A run-of-the-mill runny nose turned out to be a rare cancer for one young survivor.
At just 7 months old, Mia was showing symptoms of a common cold, which didn’t concern mom Anjna Caulton at first.
But what began as typical sick kid symptoms ended in a blood cancer diagnosis that affects fewer than 100 children in the US each year.
It wasn’t until Caulton, now 44, noticed more severe changes in her daughter’s condition that she began to worry, the South Staffordshire resident of the UK told NeedToKnow.online, according to Jam Press.
“Mia had just started nursery and she was suffering from a runny nose, was very blocked up and had a feverish temperature,” she recalled. “When I look back during that period, she was particularly cranky. She cried a lot and took so much settling.”
Caulton said that while she was “unsettled” by Mia’s persistent symptoms, she was “assured” by family and friends that the child’s immune system was still developing and still susceptible to bugs going around the daycare center.
“Little did I know it was in fact her immune system in serious trouble,” she said.
Mia soon developed a lump over her ribs on the right side of her body — which Caulton and husband, Simon, thought might just be an insect bite.
Then, widespread “bruising” set in all over Mia’s arms and legs. The panicked parent even initially blamed herself.
“I wondered if I was really stressed and I was holding her too hard whilst changing her nappy, or whether these were from her nursery,” Caulton confessed. “Hundreds of terrible thoughts were going through my mind.”
By the time Mia saw a medical specialist, she’d grown pale and also developed tiny red welts all over her body. “It was at this point after the third [family doctor] visit, she was referred to hospital, who immediately took us into isolation,” recalled Caulton.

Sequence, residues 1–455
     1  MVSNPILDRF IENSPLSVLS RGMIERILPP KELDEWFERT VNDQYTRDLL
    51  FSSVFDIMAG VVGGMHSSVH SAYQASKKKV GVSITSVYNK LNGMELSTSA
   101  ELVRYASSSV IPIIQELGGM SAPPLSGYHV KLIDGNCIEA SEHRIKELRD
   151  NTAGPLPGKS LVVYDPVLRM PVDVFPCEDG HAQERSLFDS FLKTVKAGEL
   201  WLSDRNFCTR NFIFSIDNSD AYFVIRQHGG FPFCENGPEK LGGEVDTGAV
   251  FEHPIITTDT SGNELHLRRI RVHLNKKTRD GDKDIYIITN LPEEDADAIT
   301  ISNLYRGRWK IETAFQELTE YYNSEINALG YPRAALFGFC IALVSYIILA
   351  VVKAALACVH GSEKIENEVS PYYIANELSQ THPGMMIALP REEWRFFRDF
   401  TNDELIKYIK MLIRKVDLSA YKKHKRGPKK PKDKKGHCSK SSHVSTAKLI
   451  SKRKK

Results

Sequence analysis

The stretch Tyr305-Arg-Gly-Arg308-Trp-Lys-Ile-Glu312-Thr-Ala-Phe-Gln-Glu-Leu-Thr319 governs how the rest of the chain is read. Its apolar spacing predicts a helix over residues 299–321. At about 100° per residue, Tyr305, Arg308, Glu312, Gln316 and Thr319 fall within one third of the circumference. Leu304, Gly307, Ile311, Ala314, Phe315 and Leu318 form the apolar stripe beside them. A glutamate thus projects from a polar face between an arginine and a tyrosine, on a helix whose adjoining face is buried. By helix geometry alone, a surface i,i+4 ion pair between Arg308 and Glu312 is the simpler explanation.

Two weeks of testing revealed Mia’s diagnosis was infantile acute lymphoblastic leukemia (ALL) – a rare cancer of the blood and bone marrow that occurs annually in an estimated 90 children in the US, all aged younger than one year, according to St. Jude Children’s Research Hospital. Signs of ALL include unexplained fever and bruising, as well as swollen lymph nodes.
“It was the scariest and most uncertain time of my life,” said Caulton, whose daughter was made to undergo a grueling battery of cancer treatments and procedures, including chemotherapy, blood transfusions, spinal taps and bone marrow operations.
“Every parent brings their child into the world with the expectation they will outlive you; this diagnosis completely threw out this natural order to life,” said Caulton, who left her day job to care for Mia — as did Simon. “It was a life-changing period.”
As Mia fought for her life, her parents fought to fill it with “as much positivity as possible,” Caulton said. “She hit some incredible milestones all during treatment, such as taking her first steps, her first birthday, her first words, Christmas and New Year.”
Mia underwent 18 months of daily cancer therapy. In March 2020 — three years to the date of her diagnosis — doctors delivered the good news that her illness was in remission.
The Caultons paid many thanks to the Birmingham Children’s Hospital and Blood Cancer UK, which supported Mia. Now, they’re paying it forward — by bringing greater attention to a fundraising initiative for cancer research.
A prize drawing, conducted by philanthropy platform Omaze, will see a 4,200-square-foot home in Cornwall worth £3 million (about $6.25 million), plus an added £50,000 cash (about $62,478) to furnish, go to the lucky holder of a £10 ($12.50) winning ticket. Blood Cancer UK hopes to garner at least £500,000 ($624,785) to aid future efforts.
“The care and support of Birmingham Children’s Hospital and Blood Cancer UK has given us the greatest gift imaginable — being able to watch our beautiful daughter grow up and enjoy being a child,” said Caulton.